de la Gandara
artist during La Belle Epoque, Antonio de la Gandara established a
clientele among the wealthy elite of the city. Almost strictly a
artist who worked mostly in oils and pastels, though he also executed
in charcoal and pencil.
was a big fan
and often (like his mentor) isolates his sitters against a neutral
thus endowing them with a striking and often mysterious quality.
Sarah Bernhardt (1892), Comte
Robert de Montesquiou (c. 1892) and Mme
Gautreau in (1898) would cement his reputation as a painter of the
highest order in the elite. His work was widely acclaimed by the
and La Plume devoted a special issue to him on 15th April 1901.
is often put
in the company of Boldini, Helleu,
Tissot, and Jacques-Emile
the age of fourteen
he entered the Ecole
des Beaux-Arts (1878) and studied with Jean-Léon
and Cabanel from 1876 to 1881 -- two of the preeminent teachers at the
time. The following year (1882) he made his début at the Salon
the Société des Artistes Français with a portrait
of Melle Dufresne. In the 1884 Salon (the same year as John
X) he received an honorable mention and in the Paris World's Fair
1889 a bronze medal. Throughout the '90s, he reached the height of his
critical success, showing works at the Salons of the
Nationale des Beaux-Arts, and then from 1892 at the Salon de la
Nationale and at the gallery of Durand-Ruel.
would be at
the 1900 Paris World Fair, when La Gandara showed his earlier painting
of Mme Sarah Bernhardt (1892) that he would be awarded the silver
made Chevalier of the Legion
of Honor and a member of the jury of the Champ de Mars.
was often compared to by his contemporaries were Velasquez,
and of course, his friend Whistler.
the incomparable Comte
Robert de Montesquiou (whom was also his friend and a source of
referrals for a time) it was around the same period Whistler painted
in Paris -- Whistler's
last large portrait (1892). It's revealing of his friendship that
used La Gandara's studio at de rue Monsieur-le-Prince for his portrait.
had it that
La Gandara had an extended affair with Madame Gautreau after he painted
her in early 1898 -- she was by then thirty-nine years old.
1905 he painted
a Portrait Of Romaine
Brooks a prominent member of the American artistic community in
Paris near the beginning of her fame and popularity. The painting was
known and reproduced in Les Arts (1919)
father of three daughters, married twice, first to Anne
Catherine Wilms, second to Charlotte
From: "The Eldorado of the
Portrait Painter" Munsey's Magazine New York - signed by Charles H.
[Unfortunately, I do not have the date
(1904 ??? the portrait of Mrs. Burke-Roche was first exhibited in 1897)
or issue number.]
A few years ago an exhibition was held in New York of
portraits by Antonio de la Gandara, a Spaniard who lives in Paris.
Among the pictures was a portrait of Mrs. Burke-Roche. The treatment of
a full-sized standing figure in a narrow canvass, originally derived
from Velasquez, was made popular by Whistler, and it is the latter's
portraits which Gandara's recall. This need not imply that the Spaniard
has been a copyist of the older artist, but only that he sought for
similar things through somewhat similar means. And the thing sought by
both is the very antithesis of what Zorn and Sargent seek.
By comparison, the
latter painters are intent upon the obvious; while Gandara, like
Whistler, aims at subtler quality which pervades the thing seen, as
fragrance clings around the flower. I think a study even of the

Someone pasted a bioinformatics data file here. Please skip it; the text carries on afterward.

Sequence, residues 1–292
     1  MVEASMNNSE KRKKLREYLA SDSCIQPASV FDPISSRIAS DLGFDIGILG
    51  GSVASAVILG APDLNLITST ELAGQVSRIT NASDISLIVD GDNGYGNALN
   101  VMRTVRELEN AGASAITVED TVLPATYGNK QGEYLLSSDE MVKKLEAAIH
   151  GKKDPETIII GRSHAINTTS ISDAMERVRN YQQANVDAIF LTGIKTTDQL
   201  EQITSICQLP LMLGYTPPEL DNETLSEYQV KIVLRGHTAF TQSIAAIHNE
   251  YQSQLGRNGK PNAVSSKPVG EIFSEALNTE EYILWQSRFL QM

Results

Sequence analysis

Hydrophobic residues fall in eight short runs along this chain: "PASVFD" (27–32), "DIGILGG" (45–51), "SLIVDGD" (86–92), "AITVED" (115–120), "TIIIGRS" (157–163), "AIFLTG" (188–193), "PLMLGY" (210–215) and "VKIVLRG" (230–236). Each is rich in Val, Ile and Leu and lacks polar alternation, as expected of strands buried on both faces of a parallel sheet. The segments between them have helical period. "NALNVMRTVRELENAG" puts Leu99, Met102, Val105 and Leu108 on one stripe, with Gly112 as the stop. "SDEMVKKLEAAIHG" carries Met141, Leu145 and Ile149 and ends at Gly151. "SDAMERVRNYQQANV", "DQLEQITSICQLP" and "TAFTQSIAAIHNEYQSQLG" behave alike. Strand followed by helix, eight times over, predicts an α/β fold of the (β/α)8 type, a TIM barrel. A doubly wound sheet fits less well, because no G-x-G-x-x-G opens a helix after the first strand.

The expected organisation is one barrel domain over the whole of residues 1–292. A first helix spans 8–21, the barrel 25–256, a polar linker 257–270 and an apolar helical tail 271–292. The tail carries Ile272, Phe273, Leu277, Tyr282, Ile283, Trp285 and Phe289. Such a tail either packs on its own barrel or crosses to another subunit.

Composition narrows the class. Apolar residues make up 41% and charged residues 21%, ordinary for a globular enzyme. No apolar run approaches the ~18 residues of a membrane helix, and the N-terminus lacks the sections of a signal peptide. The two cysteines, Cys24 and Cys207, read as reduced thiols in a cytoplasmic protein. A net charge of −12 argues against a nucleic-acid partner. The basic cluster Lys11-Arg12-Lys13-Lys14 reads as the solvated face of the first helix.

reproduction of this portrait makes the difference clear. It exhibits a
certain mystery; piques our imagination, and does not wholly satisfy
it. It is very stimulating to have a man's thigh represented, as in
Cleveland portrait, with such actuality that one feels one could pinch
it and find it solidly elastic. Sargent's portraits, with an abundance
of variety, suggest a corresponding enjoyment of the appearance of
things; but it is quite possible to grow weary of obviousness; to
realize that what is most interesting in man and woman is neither their
clothes nor what is visible on the surface. Then it is that the man who
has imagination enough to feel that there is allurement in what is not
appreciable to sight and touch, attracts us. Gandara is one of these.
In his love of the
long sweep of line, such as Velasquez drew, he may have taken certain
liberties with the neck of this lady; but, if so, it has been to
increase our enjoyment, as it did his, in - shall I call it ?- the
vigorous languor of this tall, flower-like form, clipped so closely by
its white stain costume. The portrait has a distinction, not merely of
technical style, but of personality. Further, it has what the French
call diablerie; not the wanton kind, but that unexpectedness and
flavour, appreciable yet evasive, which envelopes a beautiful woman.
Date: Sat, 26 Jul 2003
Hi from France,
My Great Uncle
Antonio de la Gandara
was a famous portrait painter from 1882 to 1917 when he died. I'm doing
the same as you are doing with Sargent whom he knew. They shared the
model mme X
Mme Gautreau. He attended the exhibition of his painting in the US
in NY and Boston in August of 1898 where he met Sargent. I'm looking
any information about his other works which are in the US or elsewhere
such as its portraits executed of Samule Montgomery Roosevelt or a
of his oils sold or acquired on this side of the Atlantic.
If you could help
me I will appreciate
Date: March 22,
working with the French
postal authorities to bring about a stamp dedicated to Antonio de La
I'll keep you informed.
Date: Sep 27,
the Antonio de La Gandara family has been active in promoting his
memory and we finally have a website dedicated to him.
A very special
thanks to Xavier Mathieu,
a friend of
JSS Gallery, for help with images and information.